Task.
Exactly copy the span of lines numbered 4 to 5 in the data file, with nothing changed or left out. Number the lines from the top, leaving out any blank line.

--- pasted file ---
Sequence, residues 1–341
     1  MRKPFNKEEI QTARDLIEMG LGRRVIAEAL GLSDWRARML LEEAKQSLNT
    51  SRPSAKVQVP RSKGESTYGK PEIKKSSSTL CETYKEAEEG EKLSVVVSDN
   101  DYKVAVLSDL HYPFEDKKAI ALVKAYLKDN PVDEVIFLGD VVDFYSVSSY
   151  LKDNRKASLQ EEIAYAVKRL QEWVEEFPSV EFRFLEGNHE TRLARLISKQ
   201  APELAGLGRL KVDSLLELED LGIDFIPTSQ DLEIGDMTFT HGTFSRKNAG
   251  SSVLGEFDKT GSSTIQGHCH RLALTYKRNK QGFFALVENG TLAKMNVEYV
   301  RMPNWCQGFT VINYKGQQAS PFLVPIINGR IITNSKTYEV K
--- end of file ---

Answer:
   101  DYKVAVLSDL HYPFEDKKAI ALVKAYLKDN PVDEVIFLGD VVDFYSVSSY
   151  LKDNRKASLQ EEIAYAVKRL QEWVEEFPSV EFRFLEGNHE TRLARLISKQ